30 Westbury United 1–3 Walthamstow Avenue 27 November 1937
31 Corinthian 0–2 Southend United 27 November 1937
32 York City 1–1 Halifax Town 27 November 1937
Replay Halifax Town 0–1 York City 1 December 1937
33 Guildford City 1–0 Reading 27 November 1937
34 Wigan Athletic 1–4 South Liverpool 27 November 1937

Second Round Proper

The matches were played on Saturday, 11 December 1937, with two matches postponed until the 15th. Four matches were drawn, with replays taking place in the following midweek fixture.

Tie no Home team Score Away team Date
1 Watford 3–0 Walsall 11 December 1937
2 Crewe Alexandra 2–2 New Brighton 15 December 1937
Replay New Brighton 4–1 Crewe Alexandra 20 December 1937
3 Swindon Town 2–1 Queens Park Rangers 11 December 1937
4 Scarborough 4–1 Bromley 11 December 1937
5 Doncaster Rovers 4–0 Guildford City 11 December 1937
6 Wrexham 1–2 Bradford City 11 December 1937
7 Tranmere Rovers 3–1 Hartlepools United 11 December 1937
8 Accrington Stanley 0–1 Crystal Palace 11 December 1937
9 South Liverpool 1–1 Brighton & Hove Albion 11 December 1937
Replay Brighton & Hove Albion 6–0 South Liverpool 15 December 1937
10 Clapton Orient 2–2 York City 11 December 1937
Replay York City 1–0 Clapton Orient 15 December 1937
11 Exeter City 1–2 Hull City 11 December 1937
12 Mansfield Town 2–1 Lincoln City 15 December 1937
13 Cardiff City 1–1 Bristol City 11 December 1937
Replay Bristol City 0–2 Cardiff City 15 December 1937
14 Newport County 2–1 Bournemouth 11 December 1937
15 Yeovil & Petter's United 2–1 Gainsborough Trinity 11 December 1937
16 Walthamstow Avenue 0–1 Southend United 11 December 1937
17 Rotherham United 1–3 Aldershot 11 December 1937

Third round proper

The 44 First and Second Division clubs entered the competition at this stage, along with Chester, Millwall and Notts County. The matches were scheduled for Saturday, 8 January 1938. Seven matches were drawn and went to replays, with one of these requiring a second replay to settle the fixture.

Tie no Home team Score Away team Date
1 Birmingham 0–1 Blackpool 8 January 1938
2 Bury 2–0 Brighton & Hove Albion 8 January 1938
3 Preston North End 3–0 West Ham United 8 January 1938
4 Nottingham Forest 3–1 Southampton 8 January 1938
5 Sheffield Wednesday 1–1 Burnley 8 January 1938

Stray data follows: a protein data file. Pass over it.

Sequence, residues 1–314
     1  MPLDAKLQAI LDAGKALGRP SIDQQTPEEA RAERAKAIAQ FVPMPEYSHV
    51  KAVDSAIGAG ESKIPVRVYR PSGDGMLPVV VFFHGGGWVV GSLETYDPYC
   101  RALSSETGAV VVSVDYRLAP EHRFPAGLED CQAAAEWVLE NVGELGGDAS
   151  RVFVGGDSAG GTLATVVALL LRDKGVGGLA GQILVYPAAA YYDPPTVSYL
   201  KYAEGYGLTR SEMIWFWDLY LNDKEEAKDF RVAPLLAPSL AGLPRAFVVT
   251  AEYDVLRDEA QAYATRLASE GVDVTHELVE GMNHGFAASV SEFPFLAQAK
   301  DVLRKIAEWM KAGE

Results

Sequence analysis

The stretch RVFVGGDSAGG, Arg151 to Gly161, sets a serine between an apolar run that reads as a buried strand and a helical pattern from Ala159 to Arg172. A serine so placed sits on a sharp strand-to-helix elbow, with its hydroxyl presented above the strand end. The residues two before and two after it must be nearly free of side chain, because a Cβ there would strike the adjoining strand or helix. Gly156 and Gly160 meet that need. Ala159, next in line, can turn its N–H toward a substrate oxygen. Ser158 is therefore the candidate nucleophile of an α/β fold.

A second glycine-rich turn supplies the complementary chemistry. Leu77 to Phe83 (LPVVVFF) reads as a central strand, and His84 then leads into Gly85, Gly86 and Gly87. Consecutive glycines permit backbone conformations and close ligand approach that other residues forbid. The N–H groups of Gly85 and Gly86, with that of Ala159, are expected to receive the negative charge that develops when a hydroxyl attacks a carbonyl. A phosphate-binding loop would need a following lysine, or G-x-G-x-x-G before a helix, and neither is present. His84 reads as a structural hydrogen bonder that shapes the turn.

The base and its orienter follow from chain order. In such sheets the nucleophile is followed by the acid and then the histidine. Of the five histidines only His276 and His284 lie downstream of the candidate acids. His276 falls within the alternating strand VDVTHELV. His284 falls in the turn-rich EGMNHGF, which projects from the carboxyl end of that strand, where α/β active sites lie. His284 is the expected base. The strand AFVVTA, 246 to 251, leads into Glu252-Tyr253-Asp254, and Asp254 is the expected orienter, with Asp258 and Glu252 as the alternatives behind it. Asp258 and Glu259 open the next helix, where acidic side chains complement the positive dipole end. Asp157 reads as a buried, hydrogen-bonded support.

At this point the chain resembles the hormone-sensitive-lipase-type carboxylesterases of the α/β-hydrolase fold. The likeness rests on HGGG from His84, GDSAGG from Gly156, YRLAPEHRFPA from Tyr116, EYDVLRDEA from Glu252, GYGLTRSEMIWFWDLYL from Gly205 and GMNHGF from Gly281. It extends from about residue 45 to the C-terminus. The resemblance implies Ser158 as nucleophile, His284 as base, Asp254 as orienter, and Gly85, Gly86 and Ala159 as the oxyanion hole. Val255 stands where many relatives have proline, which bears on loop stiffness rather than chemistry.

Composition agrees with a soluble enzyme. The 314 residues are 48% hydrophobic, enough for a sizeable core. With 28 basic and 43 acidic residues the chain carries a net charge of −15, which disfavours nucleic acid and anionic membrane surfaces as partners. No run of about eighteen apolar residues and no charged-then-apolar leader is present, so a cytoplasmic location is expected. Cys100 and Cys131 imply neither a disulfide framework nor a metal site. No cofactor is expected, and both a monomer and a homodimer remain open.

Replay Burnley 3–1 Sheffield Wednesday 12 January 1938
6 Grimsby Town 1–1 Swindon Town 8 January 1938
Replay Swindon Town 2–1 Grimsby Town 12 January 1938
7 Middlesbrough 2–0 Stockport County 8 January 1938
8 West Bromwich Albion 1–0 Newcastle United 8 January 1938
9 Sunderland 1–0 Watford 8 January 1938
10 Derby County 1–2 Stoke City 8 January 1938
11 Scarborough 1–1 Luton Town 8 January 1938
Replay Luton Town 5–1 Scarborough 12 January 1938
12 Doncaster Rovers 0–2 Sheffield United 8 January 1938
13 Tranmere Rovers 1–2 Portsmouth 8 January 1938
14 Tottenham Hotspur 3–2 Blackburn Rovers 8 January 1938
15 Brentford 3–1 Fulham 8 January 1938
16 Manchester United 3–0 Yeovil & Petter's United 8 January 1938
17 Norwich City 2–3 Aston Villa 8 January 1938
18 Bradford City 1–1 Chesterfield 8 January 1938
Replay Chesterfield 1–1 Bradford City 12 January 1938
Replay Bradford City 0–2 Chesterfield 17 January 1938
19 Millwall 2–2 Manchester City 8 January 1938
Replay Manchester City 3–1 Millwall 12 January 1938
20 Crystal Palace 0–0 Liverpool 8 January 1938
Replay Liverpool 3–1 Crystal Palace 12 January 1938
21 Chelsea 0–1 Everton 8 January 1938
22 Southend United 2–2 Barnsley 8 January 1938
Replay Barnsley 2–1 Southend United 11 January 1938
23 Bradford Park Avenue 7–4 Newport County 8 January 1938
24 Huddersfield Town 3–1 Hull City 8 January 1938
25 Mansfield Town 1–2 Leicester City 8 January 1938
26 Swansea Town 0–4 Wolverhampton Wanderers 8 January 1938
27 Charlton Athletic 5–0 Cardiff City 8 January 1938
28 Arsenal 3–1 Bolton Wanderers 8 January 1938
29 Leeds United 3–1 Chester 8 January 1938
30 New Brighton 1–0 Plymouth Argyle 8 January 1938
31 York City 3–2 Coventry City 8 January 1938
32 Aldershot 1–3 Notts County 8 January 1938

Fourth Round Proper

The matches were scheduled for Saturday, 22 January 1938. Four games were drawn and went to replays.

Tie no Home team Score Away team Date
1 Chesterfield 3–2 Burnley 22 January 1938
2 Preston North End 2–0 Leicester City 22 January 1938